Before entering World War II, Japan had many other problems to deal with. It had begun to rely more and more for raw materials (especially oil) from outside sources because their land was so lacking in these. Despite these difficulties, Japan began to build a successful empire with a solid industrial foundation and a good army and navy. The military became highly involved in the government, and this began to get them into trouble. In the early 1930's, the Japanese Army had many small, isolated battles with the Chinese in Manchuria. The Japanese Army prevailed in the series of battles, and Manchuria became a part of the Japanese political system. In 1937, the conflicts began again with the Chinese in the area near Beijing's Marco Polo Bridge. Whether or not these conflicts began inadvertently or whether they were planned is unknown. These led to a full-scale war known as the second Sino-Japanese War.
This was one of the bloodiest wars in world history and continued until the final defeat of Japan in 1945.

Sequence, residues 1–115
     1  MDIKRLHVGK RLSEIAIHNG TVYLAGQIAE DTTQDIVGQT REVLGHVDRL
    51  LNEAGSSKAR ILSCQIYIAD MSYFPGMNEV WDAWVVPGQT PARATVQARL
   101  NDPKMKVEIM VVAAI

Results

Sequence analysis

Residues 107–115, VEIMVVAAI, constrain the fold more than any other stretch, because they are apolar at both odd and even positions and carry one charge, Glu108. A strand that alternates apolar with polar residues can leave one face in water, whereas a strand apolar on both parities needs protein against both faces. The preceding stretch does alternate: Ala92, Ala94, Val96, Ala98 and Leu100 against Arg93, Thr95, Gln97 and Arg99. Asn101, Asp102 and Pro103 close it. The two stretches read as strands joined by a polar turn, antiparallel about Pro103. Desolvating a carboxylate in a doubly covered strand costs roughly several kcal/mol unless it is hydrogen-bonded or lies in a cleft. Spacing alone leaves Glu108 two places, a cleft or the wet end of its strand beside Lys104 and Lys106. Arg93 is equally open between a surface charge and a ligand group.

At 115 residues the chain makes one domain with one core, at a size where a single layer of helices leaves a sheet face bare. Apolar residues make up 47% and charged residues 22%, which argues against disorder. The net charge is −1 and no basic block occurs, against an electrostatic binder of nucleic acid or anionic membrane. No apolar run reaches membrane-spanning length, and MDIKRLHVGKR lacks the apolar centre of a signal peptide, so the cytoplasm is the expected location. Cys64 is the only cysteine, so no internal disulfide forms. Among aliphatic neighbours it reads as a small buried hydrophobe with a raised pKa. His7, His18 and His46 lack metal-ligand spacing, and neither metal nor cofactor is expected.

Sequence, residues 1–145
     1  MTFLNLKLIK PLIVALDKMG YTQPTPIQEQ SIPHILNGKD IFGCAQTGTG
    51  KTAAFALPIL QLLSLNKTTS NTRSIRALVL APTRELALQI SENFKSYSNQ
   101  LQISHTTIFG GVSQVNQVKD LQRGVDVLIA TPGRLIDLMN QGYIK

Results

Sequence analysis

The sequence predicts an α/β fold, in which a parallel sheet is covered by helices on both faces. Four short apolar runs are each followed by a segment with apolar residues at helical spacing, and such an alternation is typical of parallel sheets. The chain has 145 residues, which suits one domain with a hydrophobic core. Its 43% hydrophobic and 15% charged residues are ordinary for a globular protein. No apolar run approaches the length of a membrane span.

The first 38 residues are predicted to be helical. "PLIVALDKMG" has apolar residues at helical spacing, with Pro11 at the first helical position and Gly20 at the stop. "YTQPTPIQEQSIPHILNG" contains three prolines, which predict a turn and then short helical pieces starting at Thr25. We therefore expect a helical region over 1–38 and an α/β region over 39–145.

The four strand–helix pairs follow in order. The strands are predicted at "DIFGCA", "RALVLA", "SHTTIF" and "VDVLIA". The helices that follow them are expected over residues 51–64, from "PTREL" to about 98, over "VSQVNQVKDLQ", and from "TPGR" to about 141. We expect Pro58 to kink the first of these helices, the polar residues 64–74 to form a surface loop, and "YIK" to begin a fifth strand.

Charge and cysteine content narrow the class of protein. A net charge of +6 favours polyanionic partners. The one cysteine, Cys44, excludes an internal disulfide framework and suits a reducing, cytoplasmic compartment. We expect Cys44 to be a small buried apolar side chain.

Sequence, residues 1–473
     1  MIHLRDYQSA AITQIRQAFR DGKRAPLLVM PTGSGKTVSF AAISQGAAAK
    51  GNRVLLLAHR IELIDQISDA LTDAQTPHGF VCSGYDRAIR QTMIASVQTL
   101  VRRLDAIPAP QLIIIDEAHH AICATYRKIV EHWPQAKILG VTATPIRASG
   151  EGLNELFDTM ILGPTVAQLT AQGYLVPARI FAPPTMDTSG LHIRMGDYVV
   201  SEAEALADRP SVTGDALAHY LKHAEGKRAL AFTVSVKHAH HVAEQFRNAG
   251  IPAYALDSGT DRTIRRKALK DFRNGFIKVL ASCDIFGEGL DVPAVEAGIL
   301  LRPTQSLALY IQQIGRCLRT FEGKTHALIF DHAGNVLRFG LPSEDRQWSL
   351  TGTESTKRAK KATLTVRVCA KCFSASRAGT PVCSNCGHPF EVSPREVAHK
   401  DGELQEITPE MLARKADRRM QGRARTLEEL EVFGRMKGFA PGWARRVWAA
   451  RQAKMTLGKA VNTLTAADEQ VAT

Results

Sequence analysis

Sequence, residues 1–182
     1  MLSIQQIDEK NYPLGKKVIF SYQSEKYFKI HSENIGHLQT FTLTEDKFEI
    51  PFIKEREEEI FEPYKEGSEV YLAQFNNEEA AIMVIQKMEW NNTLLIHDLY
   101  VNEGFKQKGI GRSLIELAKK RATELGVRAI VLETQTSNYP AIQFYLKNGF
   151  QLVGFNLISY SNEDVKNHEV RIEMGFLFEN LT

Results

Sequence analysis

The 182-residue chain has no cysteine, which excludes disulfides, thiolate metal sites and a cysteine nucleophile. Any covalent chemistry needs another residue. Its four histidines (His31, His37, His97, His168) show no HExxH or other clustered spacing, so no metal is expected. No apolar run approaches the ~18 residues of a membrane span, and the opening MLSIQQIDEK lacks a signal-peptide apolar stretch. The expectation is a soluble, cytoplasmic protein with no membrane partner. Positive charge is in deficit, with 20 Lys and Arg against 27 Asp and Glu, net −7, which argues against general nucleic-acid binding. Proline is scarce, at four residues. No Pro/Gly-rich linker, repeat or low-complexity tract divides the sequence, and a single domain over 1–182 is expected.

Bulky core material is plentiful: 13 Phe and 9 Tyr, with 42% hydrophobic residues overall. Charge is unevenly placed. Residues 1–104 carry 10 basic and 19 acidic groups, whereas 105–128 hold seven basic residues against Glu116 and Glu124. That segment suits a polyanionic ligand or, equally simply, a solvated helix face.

In 1939, World War II was beginning with a string of victories by German forces. Germany's success included defeats of Poland and France along with a seizure of England. Many of the European nations that Germany now controlled had control over important colonial empires such as the East Indies and Singapore in Southeast Asia. These Southeast Asian countries contained many of the natural resources that Japan so desperately needed. Now that these countries were worried about matters over in Europe, Japan felt that it should seize the opportunity to take over some of them.
At the same time in the United States, President Franklin D. Roosevelt wanted to halt the expansion of Germany and Japan, but many others in the government wanted to leave the situation alone.